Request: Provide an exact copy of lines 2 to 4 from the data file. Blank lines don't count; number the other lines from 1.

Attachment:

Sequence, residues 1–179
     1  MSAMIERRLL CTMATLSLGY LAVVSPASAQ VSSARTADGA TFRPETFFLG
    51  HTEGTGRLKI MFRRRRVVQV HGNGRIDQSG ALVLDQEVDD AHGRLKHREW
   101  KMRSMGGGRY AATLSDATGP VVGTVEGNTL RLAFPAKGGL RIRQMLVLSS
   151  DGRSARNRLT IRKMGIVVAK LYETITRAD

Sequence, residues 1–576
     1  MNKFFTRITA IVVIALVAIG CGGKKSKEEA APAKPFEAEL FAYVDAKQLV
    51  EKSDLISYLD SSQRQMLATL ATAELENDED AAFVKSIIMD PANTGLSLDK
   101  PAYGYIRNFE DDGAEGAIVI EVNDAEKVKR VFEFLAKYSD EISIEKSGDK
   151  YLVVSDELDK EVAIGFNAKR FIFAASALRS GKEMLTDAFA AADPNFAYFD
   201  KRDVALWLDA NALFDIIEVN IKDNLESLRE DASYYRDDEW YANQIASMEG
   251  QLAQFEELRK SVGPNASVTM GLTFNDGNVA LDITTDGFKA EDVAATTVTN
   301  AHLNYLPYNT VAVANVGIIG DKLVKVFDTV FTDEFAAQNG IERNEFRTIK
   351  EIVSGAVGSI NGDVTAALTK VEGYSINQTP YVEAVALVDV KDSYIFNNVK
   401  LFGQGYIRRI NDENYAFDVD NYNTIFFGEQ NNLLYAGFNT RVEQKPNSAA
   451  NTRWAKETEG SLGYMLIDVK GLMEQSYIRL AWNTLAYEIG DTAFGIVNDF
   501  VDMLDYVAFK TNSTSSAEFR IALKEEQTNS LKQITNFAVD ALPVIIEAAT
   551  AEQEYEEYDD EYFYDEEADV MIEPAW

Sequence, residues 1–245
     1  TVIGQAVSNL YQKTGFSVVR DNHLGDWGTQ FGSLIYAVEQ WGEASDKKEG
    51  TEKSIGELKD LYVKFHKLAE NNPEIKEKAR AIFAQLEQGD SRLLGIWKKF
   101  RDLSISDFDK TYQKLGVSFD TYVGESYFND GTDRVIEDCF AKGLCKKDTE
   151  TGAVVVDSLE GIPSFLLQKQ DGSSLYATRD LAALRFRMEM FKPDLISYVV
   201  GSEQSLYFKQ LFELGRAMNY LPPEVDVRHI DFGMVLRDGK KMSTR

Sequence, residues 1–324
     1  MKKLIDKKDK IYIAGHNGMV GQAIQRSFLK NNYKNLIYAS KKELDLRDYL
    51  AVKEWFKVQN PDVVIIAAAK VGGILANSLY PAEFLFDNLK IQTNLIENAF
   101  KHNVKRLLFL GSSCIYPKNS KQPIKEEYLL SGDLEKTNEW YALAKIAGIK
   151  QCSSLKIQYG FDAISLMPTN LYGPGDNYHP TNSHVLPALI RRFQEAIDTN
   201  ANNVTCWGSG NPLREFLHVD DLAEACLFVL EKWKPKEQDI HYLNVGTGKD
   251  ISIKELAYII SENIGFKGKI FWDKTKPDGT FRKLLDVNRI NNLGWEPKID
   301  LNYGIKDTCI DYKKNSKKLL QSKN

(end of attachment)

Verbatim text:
     1  MSAMIERRLL CTMATLSLGY LAVVSPASAQ VSSARTADGA TFRPETFFLG
    51  HTEGTGRLKI MFRRRRVVQV HGNGRIDQSG ALVLDQEVDD AHGRLKHREW
   101  KMRSMGGGRY AATLSDATGP VVGTVEGNTL RLAFPAKGGL RIRQMLVLSS